Prior to the UK’s EU referendum a year ago, few British politicians paid attention to the problems that Brexit might cause for Northern Ireland. But the future border arrangements between Northern Ireland and the Republic of Ireland have now emerged as one of the key issues in the UK’s withdrawal negotiations. At this Irish launch of the CER policy brief, the author, Professor Edward Burke, and Simon Tilford, Deputy Director of CER, examined the impact of Brexit on Northern Ireland.
In his address to the Institute, Professor Portes discussed the economic and political implications of Brexit for the UK. He assessed the short-term economic impacts of various scenarios for the current negotiations between the UK and the European Union, ranging from “chaotic Brexit” to a “velvet divorce”. He also examined the longer-term economic impacts on the UK, with a particular focus on immigration and labour mobility.
In his keynote address, Mr Wright drew on his new book, entitled All Measures Short of War: The Contest for the 21st Century and the Future of American Power, in which he claims that great power competition has returned following two decades of unprecedented cooperation between the major global players. He argued that the great powers all seek to avoid a major war with each other but will compete with all measures short of that, including cyber war, economic war, proxy war, and coercive diplomacy.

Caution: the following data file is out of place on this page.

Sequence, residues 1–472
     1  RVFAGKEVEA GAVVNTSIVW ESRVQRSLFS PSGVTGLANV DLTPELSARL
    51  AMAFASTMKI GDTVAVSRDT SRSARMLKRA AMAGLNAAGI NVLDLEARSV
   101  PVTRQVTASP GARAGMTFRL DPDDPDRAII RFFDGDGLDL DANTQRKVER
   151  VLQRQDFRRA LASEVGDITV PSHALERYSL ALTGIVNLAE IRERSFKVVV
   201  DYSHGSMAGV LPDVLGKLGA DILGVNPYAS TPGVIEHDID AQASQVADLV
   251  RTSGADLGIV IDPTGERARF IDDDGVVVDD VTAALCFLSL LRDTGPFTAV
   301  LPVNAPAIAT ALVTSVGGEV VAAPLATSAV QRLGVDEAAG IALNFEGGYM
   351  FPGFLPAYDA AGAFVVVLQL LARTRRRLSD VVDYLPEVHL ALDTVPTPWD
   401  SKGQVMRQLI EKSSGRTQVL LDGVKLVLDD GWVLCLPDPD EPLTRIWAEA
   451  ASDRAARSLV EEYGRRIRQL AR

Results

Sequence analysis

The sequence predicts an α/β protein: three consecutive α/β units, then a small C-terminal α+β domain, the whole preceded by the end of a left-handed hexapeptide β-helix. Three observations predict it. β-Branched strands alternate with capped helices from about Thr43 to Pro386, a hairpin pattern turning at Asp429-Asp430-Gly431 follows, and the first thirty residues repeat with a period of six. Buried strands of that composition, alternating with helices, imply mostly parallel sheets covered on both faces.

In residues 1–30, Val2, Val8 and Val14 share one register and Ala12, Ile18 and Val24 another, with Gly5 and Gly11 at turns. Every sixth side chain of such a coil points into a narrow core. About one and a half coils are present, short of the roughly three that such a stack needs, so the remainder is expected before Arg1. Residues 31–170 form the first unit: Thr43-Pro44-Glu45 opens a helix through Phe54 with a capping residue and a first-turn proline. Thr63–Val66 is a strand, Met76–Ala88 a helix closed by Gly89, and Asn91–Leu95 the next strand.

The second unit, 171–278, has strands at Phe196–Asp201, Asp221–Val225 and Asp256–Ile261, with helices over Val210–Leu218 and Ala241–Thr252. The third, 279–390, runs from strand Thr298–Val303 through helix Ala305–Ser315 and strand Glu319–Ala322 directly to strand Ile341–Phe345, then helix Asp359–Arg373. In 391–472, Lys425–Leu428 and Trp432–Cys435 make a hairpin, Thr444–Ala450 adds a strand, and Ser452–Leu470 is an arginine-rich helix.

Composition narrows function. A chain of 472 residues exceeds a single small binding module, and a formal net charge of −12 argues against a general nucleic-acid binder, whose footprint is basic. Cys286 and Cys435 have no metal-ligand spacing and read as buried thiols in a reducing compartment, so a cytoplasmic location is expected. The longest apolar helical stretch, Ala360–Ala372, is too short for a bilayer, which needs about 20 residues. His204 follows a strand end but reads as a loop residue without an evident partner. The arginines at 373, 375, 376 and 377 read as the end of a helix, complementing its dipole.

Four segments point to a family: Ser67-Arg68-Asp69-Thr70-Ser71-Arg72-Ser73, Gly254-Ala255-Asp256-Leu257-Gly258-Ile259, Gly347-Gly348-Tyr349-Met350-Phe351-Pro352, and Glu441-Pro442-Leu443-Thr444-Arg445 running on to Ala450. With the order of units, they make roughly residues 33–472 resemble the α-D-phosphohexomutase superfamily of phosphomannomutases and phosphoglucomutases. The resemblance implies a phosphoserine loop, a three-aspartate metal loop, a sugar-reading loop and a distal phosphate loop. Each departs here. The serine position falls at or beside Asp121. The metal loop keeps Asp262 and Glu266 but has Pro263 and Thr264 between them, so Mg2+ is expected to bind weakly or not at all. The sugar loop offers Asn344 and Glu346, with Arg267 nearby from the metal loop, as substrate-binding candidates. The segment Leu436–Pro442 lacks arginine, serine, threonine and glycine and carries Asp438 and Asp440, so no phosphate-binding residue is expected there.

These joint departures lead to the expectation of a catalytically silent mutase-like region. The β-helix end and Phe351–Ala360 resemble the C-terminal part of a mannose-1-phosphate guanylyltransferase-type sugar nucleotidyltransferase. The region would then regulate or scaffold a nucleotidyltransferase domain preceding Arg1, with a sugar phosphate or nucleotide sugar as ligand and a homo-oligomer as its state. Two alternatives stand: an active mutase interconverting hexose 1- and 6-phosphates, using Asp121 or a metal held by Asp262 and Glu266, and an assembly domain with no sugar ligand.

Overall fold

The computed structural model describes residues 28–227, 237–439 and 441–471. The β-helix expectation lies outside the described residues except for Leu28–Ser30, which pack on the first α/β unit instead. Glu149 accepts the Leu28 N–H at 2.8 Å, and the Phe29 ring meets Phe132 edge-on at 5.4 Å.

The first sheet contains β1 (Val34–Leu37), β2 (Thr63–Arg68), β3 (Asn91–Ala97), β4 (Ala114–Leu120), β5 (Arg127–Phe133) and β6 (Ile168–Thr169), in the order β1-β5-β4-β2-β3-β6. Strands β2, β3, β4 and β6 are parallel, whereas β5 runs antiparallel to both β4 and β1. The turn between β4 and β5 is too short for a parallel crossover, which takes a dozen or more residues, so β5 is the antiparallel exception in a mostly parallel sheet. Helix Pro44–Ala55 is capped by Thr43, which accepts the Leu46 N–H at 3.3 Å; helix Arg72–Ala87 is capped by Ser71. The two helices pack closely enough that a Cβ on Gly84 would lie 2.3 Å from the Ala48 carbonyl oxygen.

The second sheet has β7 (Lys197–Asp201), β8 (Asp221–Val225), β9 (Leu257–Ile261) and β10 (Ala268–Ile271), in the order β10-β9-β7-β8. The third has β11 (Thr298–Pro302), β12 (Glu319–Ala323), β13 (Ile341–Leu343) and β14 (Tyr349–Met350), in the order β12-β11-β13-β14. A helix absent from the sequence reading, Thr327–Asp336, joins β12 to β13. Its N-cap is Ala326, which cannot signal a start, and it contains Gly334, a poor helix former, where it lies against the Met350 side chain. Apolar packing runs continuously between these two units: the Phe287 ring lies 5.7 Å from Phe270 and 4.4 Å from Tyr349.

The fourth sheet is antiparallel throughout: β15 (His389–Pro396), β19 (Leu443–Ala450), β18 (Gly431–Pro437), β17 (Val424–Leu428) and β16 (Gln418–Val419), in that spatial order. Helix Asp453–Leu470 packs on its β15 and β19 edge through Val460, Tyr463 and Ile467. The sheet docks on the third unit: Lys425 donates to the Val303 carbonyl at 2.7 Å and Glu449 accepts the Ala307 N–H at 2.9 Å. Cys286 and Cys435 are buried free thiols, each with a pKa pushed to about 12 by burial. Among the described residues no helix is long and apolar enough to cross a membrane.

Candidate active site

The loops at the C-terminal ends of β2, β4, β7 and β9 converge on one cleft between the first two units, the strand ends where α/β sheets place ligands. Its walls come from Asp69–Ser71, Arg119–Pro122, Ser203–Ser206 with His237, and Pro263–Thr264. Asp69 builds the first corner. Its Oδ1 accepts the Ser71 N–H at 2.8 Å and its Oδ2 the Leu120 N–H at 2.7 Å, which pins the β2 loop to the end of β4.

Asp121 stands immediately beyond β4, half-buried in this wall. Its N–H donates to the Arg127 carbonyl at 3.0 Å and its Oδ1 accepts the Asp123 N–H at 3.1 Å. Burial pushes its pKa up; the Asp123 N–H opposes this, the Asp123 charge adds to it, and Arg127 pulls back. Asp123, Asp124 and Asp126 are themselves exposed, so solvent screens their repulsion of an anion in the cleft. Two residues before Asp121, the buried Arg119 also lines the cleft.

As a financial services capitol London has benefitted greatly from the UK’s EU membership. However, after the UK leaves the EU in 2019 its financial services sector could lose access to the EU Single Market in services. In his address to the IIEA Jeremy Browne set out the views of the City of London Corporation on the post-Brexit future of London’s financial services sector.
The IIEA’s fortnightly Brexit Brief notes recent developments in the UK’s withdrawal from the European Union. This issue examines the UK’s counter-offer on citizens’ rights after Brexit, as well as the latest position papers issued by the EU negotiating team. The Brief also notes a number of recent political developments in Ireland, the UK and the other Member States.